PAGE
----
Man takes Bunnings to task over plastic waste

2:52 pm on 9 July 2019

A Wellington man is fed up trying to get Bunnings in Lyall Bay to keep their plastic in check, but the hardware chain has said it has been making efforts to stop its waste blowing away.

An overflowing skip bin at Bunnings in Lyall Bay.

An overflowing skip bin at Bunnings in Lyall Bay. Photo: Supplied / Steve Cronin

Wellington's south coast is known for its blustering southerlies and it's also a popular surfing spot, where local Steve Cronin likes to head down to catch a wave.

The avid surfer and sailor is concerned about the state of our oceans, and wants industrial business to take more responsibility for its waste.

"It's the great garbage patch, it's about the size of Texas - we're eating our own pollution."

Two years ago, he found an open industrial bin outside the Bunnings area that was overflowing with rubbish, and since then, he's approached Bunnings a number of times, about the amount of rubbish he's found strewn in the area surrounding their building.

He said while they've made some improvements, including sending out a "Green Team" to pick up stray litter, he was frustrated to find large pieces of plastic wrapping flying around on Friday and Saturday.

"I go out for a lunch break and there's a massive bag flying past, you know, so the tragedy for me is that I'm just getting a fraction of this."

"I have a bag over there that in 24 hours, after being told we'll do better next time, that will shock you about how much plastic - and that's just a fraction."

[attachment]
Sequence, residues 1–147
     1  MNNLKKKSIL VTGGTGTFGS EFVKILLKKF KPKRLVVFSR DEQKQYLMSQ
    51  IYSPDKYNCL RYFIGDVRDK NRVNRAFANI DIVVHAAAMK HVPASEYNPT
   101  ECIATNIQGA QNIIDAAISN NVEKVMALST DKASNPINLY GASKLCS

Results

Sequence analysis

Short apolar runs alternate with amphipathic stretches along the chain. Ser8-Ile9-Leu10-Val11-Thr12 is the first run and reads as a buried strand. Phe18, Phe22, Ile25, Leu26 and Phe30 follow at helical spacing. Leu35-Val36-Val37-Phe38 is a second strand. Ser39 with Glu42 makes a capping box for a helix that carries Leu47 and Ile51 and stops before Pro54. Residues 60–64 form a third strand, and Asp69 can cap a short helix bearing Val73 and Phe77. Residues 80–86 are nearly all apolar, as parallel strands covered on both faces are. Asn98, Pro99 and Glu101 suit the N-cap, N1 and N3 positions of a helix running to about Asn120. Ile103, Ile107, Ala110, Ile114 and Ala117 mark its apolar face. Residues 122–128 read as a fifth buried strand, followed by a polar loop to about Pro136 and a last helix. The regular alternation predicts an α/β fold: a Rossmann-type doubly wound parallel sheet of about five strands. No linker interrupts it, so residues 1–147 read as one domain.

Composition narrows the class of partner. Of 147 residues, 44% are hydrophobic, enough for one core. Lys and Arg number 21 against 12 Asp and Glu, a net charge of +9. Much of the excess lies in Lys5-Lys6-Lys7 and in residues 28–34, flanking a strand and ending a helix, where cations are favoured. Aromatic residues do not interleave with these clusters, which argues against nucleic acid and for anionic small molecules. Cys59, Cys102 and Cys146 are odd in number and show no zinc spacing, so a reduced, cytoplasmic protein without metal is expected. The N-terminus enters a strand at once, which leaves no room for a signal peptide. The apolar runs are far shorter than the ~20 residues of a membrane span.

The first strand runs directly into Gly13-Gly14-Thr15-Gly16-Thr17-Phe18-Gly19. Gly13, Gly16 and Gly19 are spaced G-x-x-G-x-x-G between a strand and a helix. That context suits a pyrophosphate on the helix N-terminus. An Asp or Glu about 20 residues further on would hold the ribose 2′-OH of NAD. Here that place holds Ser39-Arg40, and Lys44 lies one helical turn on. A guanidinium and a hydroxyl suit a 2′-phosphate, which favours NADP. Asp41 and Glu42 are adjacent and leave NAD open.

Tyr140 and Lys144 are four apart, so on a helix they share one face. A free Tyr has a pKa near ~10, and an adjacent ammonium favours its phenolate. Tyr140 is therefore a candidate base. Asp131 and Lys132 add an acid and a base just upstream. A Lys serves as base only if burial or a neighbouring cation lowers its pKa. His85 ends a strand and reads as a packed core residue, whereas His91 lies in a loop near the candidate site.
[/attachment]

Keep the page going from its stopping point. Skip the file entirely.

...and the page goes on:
He wants Bunnings to do more to stop plastic flying away.

Plastic waste jammed under a neighbouring fence.

Plastic waste jammed under a neighbouring fence. Photo: Photo / RNZ

"You've got to fence it, in a place like this it has to be covered in and why don't they get on to their suppliers and say, we're not going to buy anymore products until you cover them in plant-based or some other biodegradable material because we can't seem to fix it at our end - let's stop putting the ambulance at the bottom of the cliff."

Bunnings national operations manager Derek Powell apologised, and said it was not good enough that plastic was blowing away.

He said they've already taken steps to stop loose items blowing away, including placing cargo nets over plastic recycling cages, and installing an additional shade cloth on the perimeter fence.

Local councillor Sarah Free said she will head down in the next few days to speak with Bunnings about how they're dealing with waste.

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